The ex King, his Queen, and the others were taken to the ship HMS Cornwallis under the supervision of Capt O’Brien and deported to Vellore in Madras on 24th January 1816 where he lived as a prisoner of War and died on 30th January 1832’
Air Lanka & the offices of M/S E B Creasy & Company were located next to Ceylinco. Several other shipping, airline and travel organizations also operated herebeing in close proximity to the Colombo Harbor and the business community. The Central Bank of Ceylon occupies a long stretch of York Street adjacent to the Intercontinental Hotel, stretching almost up to Upper Chatham Street on the northern side.
Queen’s Street meets Chatham Street at the Lighthouse Clock Tower and extends further with the Mercantile Bank on its left, now occupied by Hatton National Bank, and Chartered Bank on the right. The jewelry shop of Deen Ismail & Sons, a famous gem & jewelry family from the Fort Galle, is located just before the Chartered Bank. Several other small utility, curio, and corner stores are located before it. The National Restaurant and Bar is also located here.
History of Hatton National Bank:
1948: Sri Lanka attained its independence and Brown & Co., an engineering concern, bought the interests of the original investors.
1961: The Government of Sri Lanka forbade foreign banks to accept deposits from Ceylonese nationals.
1970: Hatton National Bank (HNB) was formed to take over Hatton Bank and the Kandy and Nuwara Eliya branches of Grindlays Bank. (Grindlays had inherited these branches from its merger with National Bank of India (NBI). NBI had established the branches in 1892. By giving up the two branches Grindlays earned the right to continue to operate its branch in Colombo, which NBI had established in 1881, serving corporate business.) A share issue shortly thereafter brought the ownership structure of Hatton Nation Bank to 37% Brown & Co., 28% National & Grindlays, and 35% public ownership.
1974: HNB acquired Mercantile Bank of India’s branches in Pettah and Colombo as well as a part interest in Mercantile (a subsidiary of HSBC since 1959, which retained its branch in Colombo).
1989: HNB acquired Dubai’s Emirates Bank’s branch in Columbo and with it a Foreign Currency Banking Unit.
1996: HNB acquired Banque Indosuez’s Colombo branch, which dated from 1979 or '80.
1997 Mr. Don. Harold (Harry) Stassen Jayawardena, arguably the country’s most powerful businessman, who had been charged for defrauding customs to the tune of billions in rupees, was again charged for violating Central Bank directives by obtaining 35.97% of the issued share capital of the Hatton National Bank, all most double the allowable limit of 18%.
2000: HNB opened a representative office in Karachi, Pakistan, and another in Chennai, India. Harry Jayawardena, in a hostile and highly resisted bid, acquired 44% or more of Sampath Bank via HNB (9%), Stassen Holdings and other related and nominally unrelated entities. (Sampath Bank commenced operations in 1987 as the Investment and Credit Bank, and was originally promoted as a Buddhist Bank but later presented as a financial institution of and for the “sons of the soil.”) HNB made controversial purchases of Sampath Bank shares and also invested in shares of the DFCC Bank.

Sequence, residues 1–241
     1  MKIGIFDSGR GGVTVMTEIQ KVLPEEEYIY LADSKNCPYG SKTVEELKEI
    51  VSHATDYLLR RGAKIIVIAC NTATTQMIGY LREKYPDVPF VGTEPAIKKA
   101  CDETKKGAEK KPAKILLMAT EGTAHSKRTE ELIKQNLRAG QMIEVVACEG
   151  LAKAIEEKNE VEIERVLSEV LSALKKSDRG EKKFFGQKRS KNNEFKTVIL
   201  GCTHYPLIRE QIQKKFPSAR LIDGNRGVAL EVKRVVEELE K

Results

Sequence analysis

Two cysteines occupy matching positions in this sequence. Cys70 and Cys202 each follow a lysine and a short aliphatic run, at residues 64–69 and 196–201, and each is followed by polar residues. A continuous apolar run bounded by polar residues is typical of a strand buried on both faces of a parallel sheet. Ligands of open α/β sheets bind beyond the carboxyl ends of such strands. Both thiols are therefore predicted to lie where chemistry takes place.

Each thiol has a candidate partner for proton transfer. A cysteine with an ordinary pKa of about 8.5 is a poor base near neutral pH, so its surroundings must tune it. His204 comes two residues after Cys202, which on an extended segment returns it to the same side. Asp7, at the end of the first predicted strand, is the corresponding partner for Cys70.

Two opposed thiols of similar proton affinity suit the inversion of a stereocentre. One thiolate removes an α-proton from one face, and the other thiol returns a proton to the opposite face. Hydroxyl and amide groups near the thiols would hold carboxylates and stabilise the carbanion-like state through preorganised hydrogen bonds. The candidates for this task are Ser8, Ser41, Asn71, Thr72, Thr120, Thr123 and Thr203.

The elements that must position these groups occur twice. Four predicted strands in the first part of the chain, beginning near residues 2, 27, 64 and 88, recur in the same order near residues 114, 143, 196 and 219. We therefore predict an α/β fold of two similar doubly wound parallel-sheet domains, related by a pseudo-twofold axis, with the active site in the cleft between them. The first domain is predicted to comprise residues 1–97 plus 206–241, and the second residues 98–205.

2002: HNB acquired the Sri Lankan branches of Habib Bank A.G. Zurich. It planned to use them as the base for Islamic banking.
The Chartered Bank
Built on the site of the religious houses of St Augostino from Portuguese times, the building stands in a very prominent and prime location in the Fort, adjacent to the GPO and facing the Presidents House. The structure of the construction is very solid in its frame and viewed beautifully from the corners, with its arched entrances, majestic columns, and the eight carved elephant heads complete with tusks that stick out at its extremities.
The bank was originally established in 1852 by a group of East Indian Merchants in order to provide suitable banking services for the rapidly expanding trade between Britain and the East. It was incorporated by a Royal Charter, in London, in 1853. The first overseas branch was opened in Calcutta, in India, and neumerous other btanches rapidly spread throughoutg the orient even extending to Beijing.
The Colombo branch was opened in 1880 at the Queen Street premises where it has stood for many decades until recently when the management had no option but to move to the ANZ Gridnlays bank premises at the York Street/Prince Street intersection, on account of the Fort area closer to Presidents House being declared a high security zone. Chartered Bank had already acquired the businesses of ANZ Grindlays and hence the move was convenienet and timely too.
The massive growth of the tea industry in Ceylon contributed to the development and success f the bank as many British based tea companies and estates chose to manage their finances via the Chartered Bank in Colombo, on account of its British connections and also very large network of branches across the globe. The rubber, coconut and spice industries too provided much impetus to the banks success.
In 1927 the bank purchased the land on which it stands at Queen Street in the Fort and work on the building was started in 1930 and completed in 3 years.